Ahead of him, the corn on both sides of the row shook and rustled. Amy stepped out from one side. John Shooter stepped out from the other. Both of them held knives.

Please help me I'm lost and afraid

Mort crushed out his cigarette and decided to take a nap. Then he decided that was a bad idea. It would be better, healthier both mentally and physically, to eat some lunch ' read for half an hour or so, and then go for a nice long walk down by the lake. He was sleeping too much, and sleeping too much was a sign of depression. Halfway to the kitchen, he deviated to the long sectional couch by the window-wall in the living room. The hell with it, he thought, putting a pillow under his neck and another one behind his head. I Am depressed.

At that moment Mort lifted up a Xerox of The Organ-Grinder's Boy manuscript, and there, beneath it, was a package of L & M cigarettes. Did they make L & M's anymore? He didn't know. The pack was old, crumpled, but definitely not flat. He took it out and looked at it. He reflected that he must have bought this particular pack in 1985, according to the informal science of stratification one might call-for want of a better word-Deskology.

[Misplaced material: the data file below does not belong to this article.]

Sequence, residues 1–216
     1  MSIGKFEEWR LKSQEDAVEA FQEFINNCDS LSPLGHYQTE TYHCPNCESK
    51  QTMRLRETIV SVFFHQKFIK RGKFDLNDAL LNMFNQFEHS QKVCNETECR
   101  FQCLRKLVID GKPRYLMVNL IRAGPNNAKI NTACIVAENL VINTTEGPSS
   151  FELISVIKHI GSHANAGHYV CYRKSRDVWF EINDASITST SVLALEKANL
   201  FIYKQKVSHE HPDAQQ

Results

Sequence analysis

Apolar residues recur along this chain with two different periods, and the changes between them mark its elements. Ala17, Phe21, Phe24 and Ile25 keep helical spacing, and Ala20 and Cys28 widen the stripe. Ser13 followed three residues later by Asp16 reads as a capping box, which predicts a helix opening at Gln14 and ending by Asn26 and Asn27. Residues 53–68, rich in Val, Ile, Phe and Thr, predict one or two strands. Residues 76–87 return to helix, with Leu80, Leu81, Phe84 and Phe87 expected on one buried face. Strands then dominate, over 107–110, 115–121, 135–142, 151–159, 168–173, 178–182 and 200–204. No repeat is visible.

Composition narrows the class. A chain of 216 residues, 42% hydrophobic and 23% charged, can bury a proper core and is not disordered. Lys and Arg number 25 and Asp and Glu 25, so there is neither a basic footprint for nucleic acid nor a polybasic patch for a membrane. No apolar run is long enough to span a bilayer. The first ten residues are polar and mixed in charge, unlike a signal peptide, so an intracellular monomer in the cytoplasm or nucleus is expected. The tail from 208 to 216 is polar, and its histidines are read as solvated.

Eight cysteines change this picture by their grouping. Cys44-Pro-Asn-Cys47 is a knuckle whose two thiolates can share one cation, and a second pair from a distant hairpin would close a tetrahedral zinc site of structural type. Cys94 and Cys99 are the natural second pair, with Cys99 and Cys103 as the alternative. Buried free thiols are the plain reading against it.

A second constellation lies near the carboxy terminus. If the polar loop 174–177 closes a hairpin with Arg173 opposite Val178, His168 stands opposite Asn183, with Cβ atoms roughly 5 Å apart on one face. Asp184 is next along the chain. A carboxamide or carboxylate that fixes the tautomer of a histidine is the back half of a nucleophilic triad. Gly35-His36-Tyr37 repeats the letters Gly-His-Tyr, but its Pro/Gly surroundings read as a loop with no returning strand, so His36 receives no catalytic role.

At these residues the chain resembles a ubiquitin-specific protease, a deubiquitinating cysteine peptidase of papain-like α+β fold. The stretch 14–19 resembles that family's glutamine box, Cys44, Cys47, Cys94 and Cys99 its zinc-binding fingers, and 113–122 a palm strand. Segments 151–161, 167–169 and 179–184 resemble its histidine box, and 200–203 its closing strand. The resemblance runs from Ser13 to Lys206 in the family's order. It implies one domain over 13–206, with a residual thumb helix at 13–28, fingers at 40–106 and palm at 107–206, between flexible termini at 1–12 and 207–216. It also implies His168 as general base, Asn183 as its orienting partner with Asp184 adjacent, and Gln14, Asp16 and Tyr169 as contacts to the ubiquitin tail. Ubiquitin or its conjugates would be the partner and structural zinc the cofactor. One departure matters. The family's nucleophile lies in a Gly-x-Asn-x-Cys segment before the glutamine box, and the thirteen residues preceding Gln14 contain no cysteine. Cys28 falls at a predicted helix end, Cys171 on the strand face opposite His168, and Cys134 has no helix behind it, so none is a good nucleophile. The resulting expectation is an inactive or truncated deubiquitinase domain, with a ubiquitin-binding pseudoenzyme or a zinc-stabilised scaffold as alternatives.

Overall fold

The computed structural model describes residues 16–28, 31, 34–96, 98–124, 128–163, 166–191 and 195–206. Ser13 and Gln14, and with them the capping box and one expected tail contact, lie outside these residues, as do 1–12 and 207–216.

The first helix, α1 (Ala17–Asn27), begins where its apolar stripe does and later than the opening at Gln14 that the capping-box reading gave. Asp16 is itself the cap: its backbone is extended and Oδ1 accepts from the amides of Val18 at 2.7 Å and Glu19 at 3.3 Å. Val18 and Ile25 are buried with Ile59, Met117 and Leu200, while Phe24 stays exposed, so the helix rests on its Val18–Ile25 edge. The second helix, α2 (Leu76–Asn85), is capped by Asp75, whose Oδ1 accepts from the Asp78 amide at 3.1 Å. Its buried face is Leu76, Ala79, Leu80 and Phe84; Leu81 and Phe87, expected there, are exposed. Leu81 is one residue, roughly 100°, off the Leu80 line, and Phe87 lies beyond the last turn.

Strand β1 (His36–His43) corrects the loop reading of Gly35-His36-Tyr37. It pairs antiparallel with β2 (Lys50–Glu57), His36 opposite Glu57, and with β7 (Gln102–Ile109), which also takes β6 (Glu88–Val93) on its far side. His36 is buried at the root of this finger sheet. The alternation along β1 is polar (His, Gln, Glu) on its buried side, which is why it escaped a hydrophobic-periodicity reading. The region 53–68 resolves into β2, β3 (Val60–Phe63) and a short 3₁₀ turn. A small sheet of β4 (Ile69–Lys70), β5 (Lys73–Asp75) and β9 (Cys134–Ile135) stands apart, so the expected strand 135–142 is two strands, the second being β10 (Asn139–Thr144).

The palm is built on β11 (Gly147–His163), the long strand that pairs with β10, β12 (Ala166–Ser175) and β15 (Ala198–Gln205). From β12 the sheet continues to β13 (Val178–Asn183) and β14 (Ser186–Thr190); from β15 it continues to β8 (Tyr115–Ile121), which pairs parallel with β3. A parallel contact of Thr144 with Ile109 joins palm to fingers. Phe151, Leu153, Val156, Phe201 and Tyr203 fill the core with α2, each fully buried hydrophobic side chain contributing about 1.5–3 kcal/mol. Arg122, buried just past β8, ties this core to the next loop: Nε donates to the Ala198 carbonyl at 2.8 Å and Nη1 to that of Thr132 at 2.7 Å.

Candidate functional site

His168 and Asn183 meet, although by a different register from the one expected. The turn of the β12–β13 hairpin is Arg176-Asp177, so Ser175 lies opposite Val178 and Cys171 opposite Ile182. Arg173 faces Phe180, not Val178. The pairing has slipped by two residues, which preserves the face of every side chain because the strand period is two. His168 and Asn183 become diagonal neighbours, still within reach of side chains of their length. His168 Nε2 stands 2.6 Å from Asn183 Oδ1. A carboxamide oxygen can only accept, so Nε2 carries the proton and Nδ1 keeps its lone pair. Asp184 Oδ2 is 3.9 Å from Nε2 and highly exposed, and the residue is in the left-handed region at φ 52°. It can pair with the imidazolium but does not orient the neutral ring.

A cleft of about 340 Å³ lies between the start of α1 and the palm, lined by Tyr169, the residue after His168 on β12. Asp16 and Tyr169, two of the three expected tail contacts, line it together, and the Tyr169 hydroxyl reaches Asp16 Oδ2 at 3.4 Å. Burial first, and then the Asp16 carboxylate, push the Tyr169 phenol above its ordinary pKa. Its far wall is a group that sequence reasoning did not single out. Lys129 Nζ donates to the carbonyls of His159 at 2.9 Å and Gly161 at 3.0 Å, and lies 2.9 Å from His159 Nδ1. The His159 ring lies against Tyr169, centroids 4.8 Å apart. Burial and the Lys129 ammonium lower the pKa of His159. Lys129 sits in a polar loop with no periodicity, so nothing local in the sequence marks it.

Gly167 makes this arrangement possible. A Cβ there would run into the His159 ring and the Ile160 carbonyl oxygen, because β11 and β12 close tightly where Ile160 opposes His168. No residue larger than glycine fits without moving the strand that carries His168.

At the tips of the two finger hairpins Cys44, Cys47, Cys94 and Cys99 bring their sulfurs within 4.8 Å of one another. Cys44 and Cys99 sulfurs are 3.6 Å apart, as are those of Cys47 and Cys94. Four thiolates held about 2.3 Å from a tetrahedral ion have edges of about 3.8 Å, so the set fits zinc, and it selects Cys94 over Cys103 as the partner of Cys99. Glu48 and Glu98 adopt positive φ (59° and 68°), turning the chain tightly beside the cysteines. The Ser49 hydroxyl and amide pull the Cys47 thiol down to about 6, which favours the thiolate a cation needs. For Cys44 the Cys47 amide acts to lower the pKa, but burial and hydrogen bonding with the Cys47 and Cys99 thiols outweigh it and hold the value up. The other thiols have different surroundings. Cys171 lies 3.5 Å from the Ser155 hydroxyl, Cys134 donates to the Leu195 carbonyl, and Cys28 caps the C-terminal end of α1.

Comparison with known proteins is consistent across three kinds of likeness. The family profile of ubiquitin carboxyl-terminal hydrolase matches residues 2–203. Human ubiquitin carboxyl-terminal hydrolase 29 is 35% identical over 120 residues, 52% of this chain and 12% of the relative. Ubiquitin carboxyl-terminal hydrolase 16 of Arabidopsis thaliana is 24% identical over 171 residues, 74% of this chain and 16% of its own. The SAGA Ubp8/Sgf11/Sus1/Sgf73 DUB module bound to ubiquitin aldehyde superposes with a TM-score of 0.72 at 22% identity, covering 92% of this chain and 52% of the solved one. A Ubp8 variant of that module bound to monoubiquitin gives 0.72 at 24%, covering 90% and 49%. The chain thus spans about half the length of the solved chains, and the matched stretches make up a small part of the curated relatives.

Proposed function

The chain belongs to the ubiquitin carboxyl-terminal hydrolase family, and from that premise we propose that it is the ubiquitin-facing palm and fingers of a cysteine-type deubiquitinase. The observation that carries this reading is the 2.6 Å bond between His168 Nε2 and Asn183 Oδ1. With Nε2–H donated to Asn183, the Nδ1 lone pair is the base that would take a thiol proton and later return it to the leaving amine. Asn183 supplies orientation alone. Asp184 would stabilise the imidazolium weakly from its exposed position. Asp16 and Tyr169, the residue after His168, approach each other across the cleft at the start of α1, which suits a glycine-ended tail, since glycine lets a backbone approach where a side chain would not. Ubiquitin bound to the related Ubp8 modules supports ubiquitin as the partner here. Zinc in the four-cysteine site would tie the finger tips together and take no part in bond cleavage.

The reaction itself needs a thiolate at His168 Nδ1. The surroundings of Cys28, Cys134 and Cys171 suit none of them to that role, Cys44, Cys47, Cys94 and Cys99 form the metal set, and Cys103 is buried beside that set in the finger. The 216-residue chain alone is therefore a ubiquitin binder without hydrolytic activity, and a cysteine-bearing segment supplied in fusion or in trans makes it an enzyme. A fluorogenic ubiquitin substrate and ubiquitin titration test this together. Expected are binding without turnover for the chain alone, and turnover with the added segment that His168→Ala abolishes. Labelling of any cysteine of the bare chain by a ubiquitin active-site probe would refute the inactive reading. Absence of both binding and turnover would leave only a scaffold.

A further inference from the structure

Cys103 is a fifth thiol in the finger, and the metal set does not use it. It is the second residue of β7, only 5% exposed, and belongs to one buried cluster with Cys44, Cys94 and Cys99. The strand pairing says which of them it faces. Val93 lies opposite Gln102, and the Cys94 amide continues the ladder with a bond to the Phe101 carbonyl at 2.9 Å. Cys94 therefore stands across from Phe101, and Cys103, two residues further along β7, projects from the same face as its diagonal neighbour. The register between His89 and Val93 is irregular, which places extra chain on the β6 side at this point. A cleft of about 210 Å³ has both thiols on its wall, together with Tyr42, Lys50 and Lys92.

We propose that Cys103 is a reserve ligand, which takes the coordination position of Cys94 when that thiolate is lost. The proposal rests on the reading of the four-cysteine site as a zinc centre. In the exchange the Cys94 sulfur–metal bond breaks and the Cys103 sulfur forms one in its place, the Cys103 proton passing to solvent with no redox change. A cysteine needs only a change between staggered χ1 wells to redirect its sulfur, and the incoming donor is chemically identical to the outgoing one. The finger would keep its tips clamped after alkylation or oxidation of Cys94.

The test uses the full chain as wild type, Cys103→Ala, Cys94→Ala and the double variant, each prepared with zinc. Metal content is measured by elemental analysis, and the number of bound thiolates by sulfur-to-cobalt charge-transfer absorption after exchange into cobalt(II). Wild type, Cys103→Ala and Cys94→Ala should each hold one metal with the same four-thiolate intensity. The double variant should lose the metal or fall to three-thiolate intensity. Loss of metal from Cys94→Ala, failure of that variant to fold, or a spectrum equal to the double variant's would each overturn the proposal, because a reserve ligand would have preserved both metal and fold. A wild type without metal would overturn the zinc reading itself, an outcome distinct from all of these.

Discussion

His last thought before drifting off was a repeat: He's not done with me yet. Oh no, not this guy. He's a repeater.

Yet he still felt upset, unsettled, guilty ... he felt at a loss in a way for which there was perhaps no word. And why? Well ... because...

Mort crushed out his cigarette and decided to take a nap. Then he decided that was a bad idea. It would be better, healthier both mentally and physically, to eat some lunch ' read for half an hour or so, and then go for a nice long walk down by the lake. He was sleeping too much, and sleeping too much was a sign of depression. Halfway to the kitchen, he deviated to the long sectional couch by the window-wall in the living room. The hell with it, he thought, putting a pillow under his neck and another one behind his head. I Am depressed.